A new journey awaits us, but where are we exactly heading?
These are weird times. We have on our hands a new Layton game that isn't exactly new and comes to a Nintendo system second. Because yes, Layton's Mystery Journey released this past July on mobile platforms to moderate praise. While I don't exactly have much to add on that specific front, I've spent some time with the Nintendo 3DS version. The entry, which is a gigantic departure for the series, goes for a completely new tone that mostly pays off, but not entirely.
Instead of the beloved Professor Layton, you'll be playing as his daughter Katrielle. The game opens as she starts her detective agency and her career as a mystery solver. You will soon run into the assistant Ernest Greeves and sarcastic talking canine Sherl.They are an enjoyable set of characters that really play off each other well. Sadly, outside of key moments and animated scenes, you will have to read what they have to say. This is a bit underwhelming, given the series's history with voice acting.
The same can be said about the story. The previous Layton games all had a clear premise. Layton would encounter a grave mystery, find out matters in pieces and slowly work towards a grander goal. In Layton's Mystery Journey, however, an over-arching plot is really hard to find. It isn't until way later that it becomes something deep. Until that point, the plot is driven by cases, of which I've played three. Rest assured that the supporting characters are entertaining. The game becomes a little too talky at moments, but never goes in the realm of being annoying.
As far as gameplay is concerned, it feels a lot like the original trilogies. In each of the cases, you will travel to the various locales and interact with your magnifying glass on the touchscreen. You will search for clues, examine certain objects and hop into conversations with the characters on screen. It is the most effective way to find out what you need to know and get closer to a solution. All of the information is tracked in your bag, so you can remind yourself as needed. Once you receive a certain number of important clues, Katrielle will put everything together for a grand finale.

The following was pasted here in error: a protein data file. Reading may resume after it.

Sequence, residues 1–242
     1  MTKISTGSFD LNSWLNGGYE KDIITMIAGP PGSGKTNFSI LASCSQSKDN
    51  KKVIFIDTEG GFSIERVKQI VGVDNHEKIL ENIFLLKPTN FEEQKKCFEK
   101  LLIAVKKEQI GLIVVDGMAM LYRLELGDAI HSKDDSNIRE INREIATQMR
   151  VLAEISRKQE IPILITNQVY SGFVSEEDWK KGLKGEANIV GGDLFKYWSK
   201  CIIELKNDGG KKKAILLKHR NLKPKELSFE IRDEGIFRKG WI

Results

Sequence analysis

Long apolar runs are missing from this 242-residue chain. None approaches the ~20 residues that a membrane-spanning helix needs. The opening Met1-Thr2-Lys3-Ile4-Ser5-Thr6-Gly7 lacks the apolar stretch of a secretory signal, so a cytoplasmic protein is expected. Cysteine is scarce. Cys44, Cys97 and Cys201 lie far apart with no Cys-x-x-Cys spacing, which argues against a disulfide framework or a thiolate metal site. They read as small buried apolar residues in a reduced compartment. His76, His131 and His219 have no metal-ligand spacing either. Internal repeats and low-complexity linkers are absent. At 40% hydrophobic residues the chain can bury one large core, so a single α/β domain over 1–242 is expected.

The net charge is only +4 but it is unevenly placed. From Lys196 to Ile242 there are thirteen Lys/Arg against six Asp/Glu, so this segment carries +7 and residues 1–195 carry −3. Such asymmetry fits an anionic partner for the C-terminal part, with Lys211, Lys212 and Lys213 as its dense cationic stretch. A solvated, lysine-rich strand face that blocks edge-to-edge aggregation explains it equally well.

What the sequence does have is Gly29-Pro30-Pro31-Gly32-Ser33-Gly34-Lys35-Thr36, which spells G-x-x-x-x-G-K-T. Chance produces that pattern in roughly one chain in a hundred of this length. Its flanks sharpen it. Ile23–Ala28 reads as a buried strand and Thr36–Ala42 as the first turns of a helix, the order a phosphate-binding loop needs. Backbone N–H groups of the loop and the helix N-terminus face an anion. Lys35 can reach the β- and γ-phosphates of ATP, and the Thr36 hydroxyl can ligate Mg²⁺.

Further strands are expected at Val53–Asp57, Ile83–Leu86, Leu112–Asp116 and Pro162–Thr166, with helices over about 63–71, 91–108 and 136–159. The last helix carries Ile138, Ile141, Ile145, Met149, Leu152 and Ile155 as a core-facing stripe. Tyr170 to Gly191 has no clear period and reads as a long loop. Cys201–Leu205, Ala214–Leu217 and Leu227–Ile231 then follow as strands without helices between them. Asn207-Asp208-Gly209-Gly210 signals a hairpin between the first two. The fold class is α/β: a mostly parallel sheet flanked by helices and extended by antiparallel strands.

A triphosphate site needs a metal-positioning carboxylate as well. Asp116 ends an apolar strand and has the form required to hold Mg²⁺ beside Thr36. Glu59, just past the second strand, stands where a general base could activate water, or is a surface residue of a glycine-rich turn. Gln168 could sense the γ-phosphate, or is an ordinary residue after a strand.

The other side here are the puzzles, which have been a staple since day one and in my opinion are as strong as ever. The brain teasing conundrums test your logic in various ways and remain entertaining throughout. That being said, they do start off easier than in previous Layton entries, where some of the answers are quite obvious to a trained eye. It's mostly the puzzles that required you to fill in a number that skewed simpler. The others grow more difficult as you progress, so there is still a solid difficulty curve.
While I did play some of the mobile version, I didn't really get on with it. When I play the puzzles, I like to write down memos and have the real estate free of my big fingers. This is why playing it on the 3DS suits me a whole lot more. I can put the stylus in my hand and interact with the touchscreen, while I look at the information on the top. For what it's worth, the mobile version tried to recreate this faithfully, but it falls short in how I approach the Layton games.
As far as the presentation of Layton's Mystery Journey is concerned, it is as colorful as I remember the previous games being. The 2D environmental work remains impressive and fun to explore. That being said, there are less engaging elements than in the previous games, which is a slight bummer. The last couple of entry added layer upon layer of scenery, ensuring that there was plenty to uncover. The feeling you are left with here is one-dimensional. That feeling is enhanced by the game only running in 2D. The game runs well on the system, and the music is just as fantastic as ever with the opening tune really setting the tone for a lighter journey.
Layton's Mystery Journey seems like a serviceable follow-up to the original series. The new tone delights me, even if the story leaves things to be desired. The case structure makes the game less impactful and that is the real big bummer here. Next to that, it is a bit too talky and story beats take too long to get things underway. Overall though, its highs still outlive its lows and Level-5 have a great starting point for a new series. Mystery Journey is slightly more underwhelming than I would have hoped, but Level-5 shows that they can still pull it off.